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30+ years old DollHouse
So, I was nosing around on Market Place and I saw a pretty dollhouse that someone wanted $150 for. I didn't think the dollhouse was worth that, so I kept looking. I came back every day looking and then I saw this new one listed. The seller was asking $189 for it, and I thought it was worth a lot more. I contacted her and asked if it was still available. She indicated it was and said she had to get rid of it by Tuesday. Perfect, I said. I will come get it. THEN I had to figure out how we were going to bring this dollhouse home. We wound up renting a uHaul van and loading it up into the van and carefully driving it home. Once home, a furniture dolly helped to bring it inside the apartment and now, it sits in the middle of my living room. GO Team! we did it!
The house needs some restorative work, but is otherwise in good condition. The things that need to be done: repair the front porch rail, the stairway from second floor to attic needs to be repaired and reattached. Some of the rooms need to be finished wallpapering and the flooring needs to be done. Some of the windows need to be repaired. The trim around the turret needs some parts replaced. Some of the doors need to be reattached. Some of the shingles need to be replaced. Aside from that, the dollhouse looks awesome for being as old as it is.
I am going to try to upload some pics if I can. You all can tell me what you think.
My McKinley Restoration (and modification)
So, back in 2002, I bought a pre-built display McKinley from Country Store miniatures in Vancouver WA. That store is now closed. At the time, the McKinley was discontinued, so I was desperate to have it, in spite of not really having time or space for it. Fast forward 16 years and the dollhouse crossed the US twice, lived in a humid attic and was turned into a squat house for some Douglass squirrels. This past year, my husband built me a little 'she shed' for my authoring and for my crafting and minis business, and I was able to take the McKinley down from the attic, clean out the nests of foam and moss and whatever else the squirrels filled it with, and begin to restore this poor, dilapidated house.
I have a really specific idea what I am going to do to it, and it's going to no longer be a Victorian house. It will be a Georgian/Regency style townhouse. The gables will be taken off (most of the ply has delaminated anyway, and install a hip roof. All the trim was either destroyed or disappeared along the years, so I figured since I'm a regency nut anyway, why not? So this is my project so far. I will keep adding as I go along. To follow my other progress pages, you can also keep an eye on my Feffie's Cottage page on Facebook, or my Pinterest page. I will provide links below.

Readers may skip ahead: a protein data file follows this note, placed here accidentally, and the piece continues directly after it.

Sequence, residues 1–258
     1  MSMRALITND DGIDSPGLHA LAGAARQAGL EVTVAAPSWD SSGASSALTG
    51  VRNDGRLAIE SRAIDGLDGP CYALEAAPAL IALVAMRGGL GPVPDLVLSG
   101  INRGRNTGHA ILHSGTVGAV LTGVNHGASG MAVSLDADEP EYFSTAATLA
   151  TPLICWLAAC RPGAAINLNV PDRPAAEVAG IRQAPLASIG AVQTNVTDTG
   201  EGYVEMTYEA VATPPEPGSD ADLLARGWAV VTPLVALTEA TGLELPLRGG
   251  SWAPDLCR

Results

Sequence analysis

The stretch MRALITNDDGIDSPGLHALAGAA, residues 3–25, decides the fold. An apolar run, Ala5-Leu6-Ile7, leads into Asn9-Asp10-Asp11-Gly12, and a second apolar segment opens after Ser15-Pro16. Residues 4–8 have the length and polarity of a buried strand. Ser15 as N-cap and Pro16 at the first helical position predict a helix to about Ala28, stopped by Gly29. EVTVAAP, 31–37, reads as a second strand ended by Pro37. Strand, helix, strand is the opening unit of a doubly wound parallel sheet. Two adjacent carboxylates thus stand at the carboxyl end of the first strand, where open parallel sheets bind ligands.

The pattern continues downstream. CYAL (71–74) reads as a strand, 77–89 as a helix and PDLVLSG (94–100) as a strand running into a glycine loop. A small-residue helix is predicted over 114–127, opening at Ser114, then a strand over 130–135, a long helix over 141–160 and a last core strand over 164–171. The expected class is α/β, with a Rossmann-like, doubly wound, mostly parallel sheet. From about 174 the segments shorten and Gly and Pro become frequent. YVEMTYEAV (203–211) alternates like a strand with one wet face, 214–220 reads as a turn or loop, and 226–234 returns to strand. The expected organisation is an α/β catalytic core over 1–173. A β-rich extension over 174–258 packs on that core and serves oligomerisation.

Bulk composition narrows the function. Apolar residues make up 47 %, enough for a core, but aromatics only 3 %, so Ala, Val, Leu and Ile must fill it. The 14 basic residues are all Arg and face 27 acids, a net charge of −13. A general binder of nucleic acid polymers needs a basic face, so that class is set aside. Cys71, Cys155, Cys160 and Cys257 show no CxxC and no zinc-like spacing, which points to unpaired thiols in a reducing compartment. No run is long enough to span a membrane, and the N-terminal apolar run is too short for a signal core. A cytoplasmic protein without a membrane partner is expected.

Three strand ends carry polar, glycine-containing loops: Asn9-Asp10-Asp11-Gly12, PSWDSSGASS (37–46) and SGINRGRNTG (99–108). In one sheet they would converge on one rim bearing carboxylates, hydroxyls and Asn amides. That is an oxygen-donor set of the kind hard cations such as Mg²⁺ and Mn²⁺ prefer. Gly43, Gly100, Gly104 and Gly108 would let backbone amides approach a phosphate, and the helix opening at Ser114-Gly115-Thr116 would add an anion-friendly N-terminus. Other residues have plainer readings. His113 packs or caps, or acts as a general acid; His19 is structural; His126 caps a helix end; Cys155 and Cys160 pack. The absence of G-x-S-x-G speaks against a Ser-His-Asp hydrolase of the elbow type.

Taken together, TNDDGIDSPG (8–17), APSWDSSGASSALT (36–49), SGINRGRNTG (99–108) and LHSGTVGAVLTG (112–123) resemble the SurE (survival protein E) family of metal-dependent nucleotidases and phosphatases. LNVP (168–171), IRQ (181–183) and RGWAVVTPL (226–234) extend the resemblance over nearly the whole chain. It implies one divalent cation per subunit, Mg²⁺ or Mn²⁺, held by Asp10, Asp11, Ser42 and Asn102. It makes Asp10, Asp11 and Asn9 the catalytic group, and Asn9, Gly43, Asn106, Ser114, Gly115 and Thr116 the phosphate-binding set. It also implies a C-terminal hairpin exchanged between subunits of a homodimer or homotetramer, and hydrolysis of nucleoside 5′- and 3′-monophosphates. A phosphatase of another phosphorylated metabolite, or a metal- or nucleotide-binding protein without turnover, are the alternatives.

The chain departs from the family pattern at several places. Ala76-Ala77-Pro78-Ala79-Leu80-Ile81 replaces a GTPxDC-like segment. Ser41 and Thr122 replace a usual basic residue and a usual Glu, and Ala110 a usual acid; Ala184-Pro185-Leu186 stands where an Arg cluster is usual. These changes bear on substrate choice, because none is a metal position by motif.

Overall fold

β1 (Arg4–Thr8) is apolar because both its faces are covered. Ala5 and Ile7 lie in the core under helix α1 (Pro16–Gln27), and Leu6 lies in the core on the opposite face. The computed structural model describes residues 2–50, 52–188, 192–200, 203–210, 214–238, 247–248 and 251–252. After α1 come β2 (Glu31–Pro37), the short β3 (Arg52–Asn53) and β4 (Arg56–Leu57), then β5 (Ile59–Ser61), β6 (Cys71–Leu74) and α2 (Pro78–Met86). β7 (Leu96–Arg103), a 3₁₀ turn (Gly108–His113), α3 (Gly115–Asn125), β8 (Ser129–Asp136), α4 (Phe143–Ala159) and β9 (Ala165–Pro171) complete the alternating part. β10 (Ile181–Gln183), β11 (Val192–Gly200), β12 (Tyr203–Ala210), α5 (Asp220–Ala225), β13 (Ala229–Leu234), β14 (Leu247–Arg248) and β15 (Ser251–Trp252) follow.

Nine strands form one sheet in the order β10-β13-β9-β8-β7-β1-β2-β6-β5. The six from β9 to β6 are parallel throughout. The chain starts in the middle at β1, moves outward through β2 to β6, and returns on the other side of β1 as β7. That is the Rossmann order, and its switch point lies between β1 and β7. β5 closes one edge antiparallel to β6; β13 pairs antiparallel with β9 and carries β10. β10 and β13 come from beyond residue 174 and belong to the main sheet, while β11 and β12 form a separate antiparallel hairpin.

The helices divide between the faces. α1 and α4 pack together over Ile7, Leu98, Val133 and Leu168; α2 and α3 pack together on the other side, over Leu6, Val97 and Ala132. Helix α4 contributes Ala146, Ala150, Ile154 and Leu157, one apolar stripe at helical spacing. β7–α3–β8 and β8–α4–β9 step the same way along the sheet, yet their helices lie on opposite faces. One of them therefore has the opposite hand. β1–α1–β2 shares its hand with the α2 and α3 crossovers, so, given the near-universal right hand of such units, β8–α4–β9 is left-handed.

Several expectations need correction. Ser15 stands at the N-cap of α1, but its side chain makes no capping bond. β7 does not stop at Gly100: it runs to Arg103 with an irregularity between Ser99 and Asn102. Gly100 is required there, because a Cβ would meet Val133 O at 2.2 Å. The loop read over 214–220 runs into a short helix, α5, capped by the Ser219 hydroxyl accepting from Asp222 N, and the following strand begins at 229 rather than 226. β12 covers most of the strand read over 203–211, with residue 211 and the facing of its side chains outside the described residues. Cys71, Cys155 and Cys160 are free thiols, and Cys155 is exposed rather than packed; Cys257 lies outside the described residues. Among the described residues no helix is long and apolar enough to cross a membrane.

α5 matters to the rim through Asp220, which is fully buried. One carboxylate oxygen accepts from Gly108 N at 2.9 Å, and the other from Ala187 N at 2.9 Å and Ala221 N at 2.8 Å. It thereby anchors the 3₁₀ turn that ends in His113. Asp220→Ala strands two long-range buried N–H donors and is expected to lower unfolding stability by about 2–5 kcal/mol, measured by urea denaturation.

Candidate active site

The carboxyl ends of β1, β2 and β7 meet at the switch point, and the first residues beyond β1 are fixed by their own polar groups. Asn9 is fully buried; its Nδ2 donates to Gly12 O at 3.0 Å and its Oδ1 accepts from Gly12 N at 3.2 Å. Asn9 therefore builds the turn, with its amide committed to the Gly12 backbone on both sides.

Some 'background' on what this McKinley will be: This McKinley will become "Huxley House". The home for a seer, sorceress and medium, Miss Violet Huxley. It will have all the proper Regency things going on, but will have a gaslampy, fantasy twist (because that is what I write as an author... Regency with a 'twist'. So, the house will eventually have some supernatural things going on, but it will still be pretty and inviting, and functional for a Regency sorceress.
So here is the poor thrashed McKinley in all her faded glory. But fear not. She will be lovely again!
As you can see, there are already some kitchen cabinets made up in there. I made those in 2003. They were pretty thrashed too, and needed to be restored. I'm a bit of a 'built-in' addict, and I love to make custom cabinetry for my dollhouses. My Feffie's Cottage miniature business will eventually offer up some kits custom made to fit particular houses. And since I pretty much only do Greenleaf, you can count on some of them being customized for the GL line. Anyhoo... Let me zoom in on the kitchen to start, since that room is the furthest along.
Hoping that our forum of educated dollhouse builders/rehabbers may be able to point me in the right direction here. I'm looking at possibly buying an incredibly old and to my eyes lovely dollhouse -- but I know it will need restoration. I do not want the value to depreciate b/c I've attempted to rectify problems with it's current condition. However, there are also no qualified rehab artisans of antique dollhouses anywhere near me. If nothing else I would at least like to find some books on restorations and the how to's of, and indeed the older houses like Bliss and Gottschalk dollhouses to educate myself more. I was amazed today that though my local library has literally no books on dollhouses or miniatures at all, the librarian called the district director and they bought the book "The Genius of Moritz Gottschalk" and are going to contact me when it's in. I know I was beyond surprised they would do so, but was incredibly grateful as that book is expensive! I've a few books on Bliss houses already, but again -- nothing in regards to the restoration of antique houses. So now I'm left wondering if there are actually any books, or if folks may be willing to share sources and/or tips on antique dollhouse restorations? My thanks in advance for any possible help!
Jumping in with a vengance
I am so happy to have found such a great place to connect with like-minded souls! I live in the Seattle area (by way of the Midwest and East Coast). I just bought dollhouse from the 1970s. It has been beaten and battered a bit, but it has so much potential. I am now on a mission to make it better than ever. I welcome any and all advice!
can yellowing vinyl flooring be fixed?
I've got a fixer upper. The kitchen floor is one of those black and white plastic (vinyl) flooring sheets.and about 1/2 of the floor is yellowing. The house was built in the mid 1970's so the floor might be brittle. Is there anything I can clean it with that won't wreck it?